In a recent interview with Brazil’s Valor magazine, former Minister of Education Ricardo Vélez described the 21-year military dictatorship as a “democratic regime by force” and proposed alterations to the way it is depicted in history textbooks. Yesterday, April 8, President Jair Bolsonaro announced his dismissal.
The planned changes to “rescue visions” of the dictatorship were announced just over a week after Brazilian military troops commemorated the anniversary of the country’s 1964 military coup. It was the first time in eight years the military coup anniversary had been observed, reversing an eight-year ban imposed by former President Dilma Rousseff.
Vélez’ contentious plans to alter textbooks were criticized by historians such as Lilia Schwarcz, who accused him of historical revisionism in an interview with The Guardian. The minister had also previously generated controversy in Congress over his belief that moral and civic education should be included in the primary school curriculum in order to combat criminal behaviour such as robbery.
Vélez is to be replaced by economist and Federal University of São Paulo professor Abraham Weintraub, who national daily O Globo describes as “just another newcomer.” Reasons for the minister’s dismissal have not been divulged.
In spite of his recent decision to fire Vélez, Bolsonaro’s stance on the dictatorship is clear. He does not believe the events of March 31, 1964 to have been a military coup. Instead, an intervention that saved Brazil from the threat of Communism, his spokesperson Otavio Barros revealed to national media at the end of March.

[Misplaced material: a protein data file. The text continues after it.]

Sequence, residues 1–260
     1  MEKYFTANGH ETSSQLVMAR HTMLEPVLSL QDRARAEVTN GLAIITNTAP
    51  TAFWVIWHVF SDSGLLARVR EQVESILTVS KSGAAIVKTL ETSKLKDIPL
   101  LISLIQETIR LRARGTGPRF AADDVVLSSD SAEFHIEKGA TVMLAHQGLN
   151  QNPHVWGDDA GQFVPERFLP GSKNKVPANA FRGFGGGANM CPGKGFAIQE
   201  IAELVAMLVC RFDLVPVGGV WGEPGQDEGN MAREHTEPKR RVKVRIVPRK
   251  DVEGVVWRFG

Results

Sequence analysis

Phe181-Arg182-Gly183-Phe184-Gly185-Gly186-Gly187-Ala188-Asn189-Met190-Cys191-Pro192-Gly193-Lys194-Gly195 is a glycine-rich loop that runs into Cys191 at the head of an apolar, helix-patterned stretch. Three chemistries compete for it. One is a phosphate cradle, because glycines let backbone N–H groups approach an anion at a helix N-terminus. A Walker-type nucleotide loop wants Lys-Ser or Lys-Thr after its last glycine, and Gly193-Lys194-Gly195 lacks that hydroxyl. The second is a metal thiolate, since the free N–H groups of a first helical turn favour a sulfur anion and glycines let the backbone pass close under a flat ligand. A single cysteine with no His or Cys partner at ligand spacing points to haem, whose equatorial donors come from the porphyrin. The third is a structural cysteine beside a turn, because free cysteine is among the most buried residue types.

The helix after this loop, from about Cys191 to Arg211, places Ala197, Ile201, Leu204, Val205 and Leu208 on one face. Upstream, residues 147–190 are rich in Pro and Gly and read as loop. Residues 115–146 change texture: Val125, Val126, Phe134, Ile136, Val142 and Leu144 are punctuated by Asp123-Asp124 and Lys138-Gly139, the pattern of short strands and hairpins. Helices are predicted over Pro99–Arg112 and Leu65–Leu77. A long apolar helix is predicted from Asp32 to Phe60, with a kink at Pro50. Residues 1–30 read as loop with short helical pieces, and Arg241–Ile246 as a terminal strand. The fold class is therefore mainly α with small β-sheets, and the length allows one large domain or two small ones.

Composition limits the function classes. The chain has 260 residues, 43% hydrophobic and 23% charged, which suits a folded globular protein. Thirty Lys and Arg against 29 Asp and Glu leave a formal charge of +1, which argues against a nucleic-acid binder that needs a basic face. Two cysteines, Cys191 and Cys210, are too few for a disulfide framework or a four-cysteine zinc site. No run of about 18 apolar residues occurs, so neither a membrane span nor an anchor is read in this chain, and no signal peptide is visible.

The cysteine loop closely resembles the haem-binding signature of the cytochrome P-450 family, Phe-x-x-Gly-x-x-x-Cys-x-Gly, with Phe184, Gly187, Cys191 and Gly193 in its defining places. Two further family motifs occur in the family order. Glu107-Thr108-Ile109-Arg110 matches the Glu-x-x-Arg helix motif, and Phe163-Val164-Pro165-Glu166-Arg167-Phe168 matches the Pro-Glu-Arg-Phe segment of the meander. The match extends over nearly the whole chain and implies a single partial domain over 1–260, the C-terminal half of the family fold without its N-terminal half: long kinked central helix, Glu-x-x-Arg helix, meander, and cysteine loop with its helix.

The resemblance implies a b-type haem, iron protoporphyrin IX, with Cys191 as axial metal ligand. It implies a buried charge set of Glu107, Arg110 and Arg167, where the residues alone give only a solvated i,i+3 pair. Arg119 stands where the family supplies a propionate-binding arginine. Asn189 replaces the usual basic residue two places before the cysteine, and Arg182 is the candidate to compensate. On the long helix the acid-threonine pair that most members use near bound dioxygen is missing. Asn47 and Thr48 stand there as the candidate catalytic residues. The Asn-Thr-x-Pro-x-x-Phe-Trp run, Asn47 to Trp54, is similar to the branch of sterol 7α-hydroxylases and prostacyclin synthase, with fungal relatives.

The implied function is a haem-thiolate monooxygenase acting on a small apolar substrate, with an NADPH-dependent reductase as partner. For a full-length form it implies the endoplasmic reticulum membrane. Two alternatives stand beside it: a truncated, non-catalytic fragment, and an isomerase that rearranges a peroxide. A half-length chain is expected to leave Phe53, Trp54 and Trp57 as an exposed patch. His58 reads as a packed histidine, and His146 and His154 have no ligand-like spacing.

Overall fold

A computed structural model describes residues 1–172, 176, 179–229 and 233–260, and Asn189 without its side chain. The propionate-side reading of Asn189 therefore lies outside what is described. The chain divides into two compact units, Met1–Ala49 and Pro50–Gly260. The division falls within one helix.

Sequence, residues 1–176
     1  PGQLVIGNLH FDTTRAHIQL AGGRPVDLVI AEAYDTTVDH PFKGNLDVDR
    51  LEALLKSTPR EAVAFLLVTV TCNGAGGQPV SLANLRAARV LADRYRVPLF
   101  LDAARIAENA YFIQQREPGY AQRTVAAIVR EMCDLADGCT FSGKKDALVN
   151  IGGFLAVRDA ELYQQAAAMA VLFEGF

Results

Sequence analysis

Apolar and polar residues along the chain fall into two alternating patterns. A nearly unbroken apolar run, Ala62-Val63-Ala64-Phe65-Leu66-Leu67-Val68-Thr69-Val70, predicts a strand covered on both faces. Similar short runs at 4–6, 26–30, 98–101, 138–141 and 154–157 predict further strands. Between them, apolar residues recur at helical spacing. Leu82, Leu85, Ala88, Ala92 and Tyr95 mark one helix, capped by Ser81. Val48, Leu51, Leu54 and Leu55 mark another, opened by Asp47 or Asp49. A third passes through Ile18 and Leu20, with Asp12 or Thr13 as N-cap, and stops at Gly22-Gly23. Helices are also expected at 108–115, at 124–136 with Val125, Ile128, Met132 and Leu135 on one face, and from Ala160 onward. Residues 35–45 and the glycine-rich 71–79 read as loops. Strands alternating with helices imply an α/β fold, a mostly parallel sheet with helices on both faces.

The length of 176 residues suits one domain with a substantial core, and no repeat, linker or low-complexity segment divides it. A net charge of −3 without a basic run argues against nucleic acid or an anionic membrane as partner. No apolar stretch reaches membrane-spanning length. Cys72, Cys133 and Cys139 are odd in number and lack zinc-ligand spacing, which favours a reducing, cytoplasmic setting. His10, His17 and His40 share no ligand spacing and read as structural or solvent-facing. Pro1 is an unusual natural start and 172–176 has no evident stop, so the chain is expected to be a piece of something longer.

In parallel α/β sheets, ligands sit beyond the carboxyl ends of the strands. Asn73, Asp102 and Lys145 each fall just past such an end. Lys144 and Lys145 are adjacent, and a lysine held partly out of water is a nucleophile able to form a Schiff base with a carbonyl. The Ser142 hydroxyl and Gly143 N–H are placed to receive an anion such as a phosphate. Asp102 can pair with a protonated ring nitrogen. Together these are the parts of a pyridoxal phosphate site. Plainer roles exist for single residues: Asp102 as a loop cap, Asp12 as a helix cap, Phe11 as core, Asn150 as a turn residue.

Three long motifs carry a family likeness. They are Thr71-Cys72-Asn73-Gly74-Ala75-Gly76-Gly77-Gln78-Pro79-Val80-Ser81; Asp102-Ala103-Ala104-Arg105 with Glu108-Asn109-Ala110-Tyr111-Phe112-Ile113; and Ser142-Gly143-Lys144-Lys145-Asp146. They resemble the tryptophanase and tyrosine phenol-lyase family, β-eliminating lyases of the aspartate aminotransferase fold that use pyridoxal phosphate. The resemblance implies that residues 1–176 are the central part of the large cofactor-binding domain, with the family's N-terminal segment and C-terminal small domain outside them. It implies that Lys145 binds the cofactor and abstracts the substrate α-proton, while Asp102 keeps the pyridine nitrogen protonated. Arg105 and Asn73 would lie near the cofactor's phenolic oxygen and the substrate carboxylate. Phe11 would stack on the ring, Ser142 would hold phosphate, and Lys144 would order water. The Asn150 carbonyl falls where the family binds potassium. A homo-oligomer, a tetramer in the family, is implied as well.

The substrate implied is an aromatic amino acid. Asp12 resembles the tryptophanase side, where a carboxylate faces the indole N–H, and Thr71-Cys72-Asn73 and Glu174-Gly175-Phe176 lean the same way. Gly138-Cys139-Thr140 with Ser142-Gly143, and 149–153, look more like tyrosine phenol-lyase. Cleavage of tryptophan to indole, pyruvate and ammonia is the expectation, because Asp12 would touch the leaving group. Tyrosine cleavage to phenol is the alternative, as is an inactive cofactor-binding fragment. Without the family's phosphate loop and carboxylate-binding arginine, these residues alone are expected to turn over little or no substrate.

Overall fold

On the anniversary of the coup, the presidential office emphasized its stance when a pro-dictatorship video was released via the Secretary of Communication and circulated on Whatsapp. “The army saved us. There is no denying it,” the presenter states.
Even before becoming president, Bolsonaro spoke favourably of Brazil’s military dictatorship. For example, in 2014, during his time as a delegate, he referred to it as “20 years of full employment, security, respect towards human rights.”
Doubt now hovers over whether, despite his dismissal, Bolsonaro’s government will see through the curriculum changes proposed by the former minister.
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Having worked in newsrooms in both Bogotá and Rio de Janeiro, Sophie is a British journalist now based in Medellín and writing for Latin America Reports. She is interested in post-conflict Colombia, historical memory and transitional justice in Latin America. Her work has also been published by Al Jazeera English, World Politics Review, El Tiempo and O Globo.